Ordinate: endothermic heat flow. As shown, each division represents 1mW. Abscissa: sample
temperature in °C.

                                    Experiments conducted
                 1                             2                                  3
   Molar ratio        ∆Tt (°C)     Molar ratio    ∆Tt (°C)          Molar ratio        ∆Tt (°C)
      0.1               32.7          0.2          32.7                0.5              33.0
      0.2               32.2          0.6          33.2                0.8              33.1
      0.4               32.5          0.8          33.6
      0.6               32.5
      1.0               32.6
  Average ∆Tt        32.5 ± 0.84   Average ∆Tt        31.2 ± 0.26   Average ∆Tt       33.1 ± 0.06
Table 3-14: DPPA phase transition temperature reduction by KH216. The average value of ∆Tt from all
the measurements (n = 10) amounted to 32.8 ± 0.13°C (mean value ± SEM).




                                                 41
                                                                                        RESULTS

3.2.2.1.14       CK41 (N,N-dimethyl-3[4'-methoxyphenyl]-2-phenylpropylamine)
                                                          N

                                    CH3O



This compound is a derivative of CK84 containing a methoxy group as shown in the
structural formula above. Unfortunately, the octanol/buffer partition coefficient for this
compound was not determined. The results of an experiment carried out with this
substance in DPPA liposomes are shown in the figure below.




Figure 3-17: Original thermograms obtained from DSC measurements, using DPPA-liposome
dispersions containing the substance CK41 in the indicated molar ratios.
Ordinate: endothermic heat flow. As shown, the divisions represent 0.5mW. Abscissa: sample
temperature in °C.

                                    Experiments conducted
                 1                             2                                  3
   Molar ratio        ∆Tt (°C)     Molar ratio    ∆Tt (°C)          Molar ratio        ∆Tt (°C)
     0.05               31.4          0.2          31.3                0.5              31.2
      0.1               33.3          0.4          30.9                0.8              30.8
      0.2               33.8          0.6          30.8
      0.4               34.1
      0.6               34.1
      1.0               33.7
  Average ∆Tt        33.4 ± 0.42   Average ∆Tt        31.0 ± 0.15   Average ∆Tt       31.0 ± 0.20
Table 3-15: DPPA phase transition temperature reduction by CK41. The average value of ∆Tt from all
the measurements (n = 11) amounted to 32.3 ± 0.44°C (mean value ± SEM).




                                                 42
RESULTS

3.2.2.1.15      KH241 (N,N-dimethyl-3-biphenylyl-3-phenylpropylamine)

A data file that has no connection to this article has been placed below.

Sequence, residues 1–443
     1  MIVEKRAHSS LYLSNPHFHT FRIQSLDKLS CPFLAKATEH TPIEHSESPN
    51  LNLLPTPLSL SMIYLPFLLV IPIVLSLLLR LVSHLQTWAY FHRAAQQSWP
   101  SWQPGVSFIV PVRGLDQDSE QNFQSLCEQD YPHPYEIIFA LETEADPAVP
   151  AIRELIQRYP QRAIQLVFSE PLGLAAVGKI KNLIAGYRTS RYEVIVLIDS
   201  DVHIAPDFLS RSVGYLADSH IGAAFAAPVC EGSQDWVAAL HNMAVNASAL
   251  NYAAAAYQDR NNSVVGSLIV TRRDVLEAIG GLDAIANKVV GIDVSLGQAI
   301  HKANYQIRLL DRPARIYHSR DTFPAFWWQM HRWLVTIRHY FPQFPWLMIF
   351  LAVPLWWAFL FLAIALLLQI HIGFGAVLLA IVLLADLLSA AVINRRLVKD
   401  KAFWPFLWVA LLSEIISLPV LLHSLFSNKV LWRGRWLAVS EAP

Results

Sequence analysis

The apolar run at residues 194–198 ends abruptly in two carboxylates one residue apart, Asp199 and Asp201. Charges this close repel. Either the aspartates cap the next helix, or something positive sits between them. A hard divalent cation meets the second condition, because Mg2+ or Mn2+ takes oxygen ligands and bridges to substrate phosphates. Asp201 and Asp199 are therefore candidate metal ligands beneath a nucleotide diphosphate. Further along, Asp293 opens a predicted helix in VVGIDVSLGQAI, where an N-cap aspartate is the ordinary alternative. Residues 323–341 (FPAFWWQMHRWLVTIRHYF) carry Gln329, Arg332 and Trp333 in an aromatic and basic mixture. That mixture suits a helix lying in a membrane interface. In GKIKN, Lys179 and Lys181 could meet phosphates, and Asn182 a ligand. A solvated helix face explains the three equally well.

This compound is a derivative of KH204 containing an additional phenyl moiety in the
propyl chain.
The results of a representative experiment carried out with this compound, having a
log P value of 3.36*, are shown in the figure below. Here, a detergent effect of the
substance was observed at a molar ratio between 0.5 and 1.0.




Figure 3-18: Original thermograms obtained from DSC measurements, using DPPA-liposome
dispersions containing the substance KH241 in the indicated molar ratios.
Ordinate: endothermic heat flow. As shown, each division represents 0.5mW. Abscissa: sample
temperature in °C.

                                       Experiments conducted
                            1                                    2
              Molar ratio        ∆Tt (°C)     Molar ratio             ∆Tt (°C)
                0.12               44.5          0.2                   42.5
                0.16               44.5          0.4                   43.1
                0.20               44.4          0.6                   42.3
                0.40               44.3
                0.80               43.9
             Average ∆Tt        44.3 ± 0.11   Average ∆Tt            42.6 ± 0.24
Table 3-16: DPPA phase transition temperature reduction by KH241. The average value of ∆Tt from all
the measurements (n = 8) amounted to 43.7 ± 0.33°C (mean value ± SEM).




                                                 43
                                                                                                       RESULTS

Summary table
                            ∆Tt   SEM                                                ∆Tt    SEM
Test substance                          n    log P Test substance                                  n     log P
                            (°C) (°C)                                                (°C)   (°C)
KH204                                                  KH211
                    N       53.1 0.16   7    3.16                        N
                                                                                     32.8 0.26 6         2.00


KH241                                                  KH216
                                                                                 N


                            43.7 0.33   8    3.36*     CH 3 O
                                                                                     32.8 0.13 10 1.48
                 N




CK92                                                   CK41
                            41.1 0.26   7    3.03                            N
                                                                                     32.3 0.44 11 n.d.
                    N                                  CH3O




CK19                                                   CK53
                        N
                            40.9 0.04   7    3.68                                    29.8 0.22 7         2.72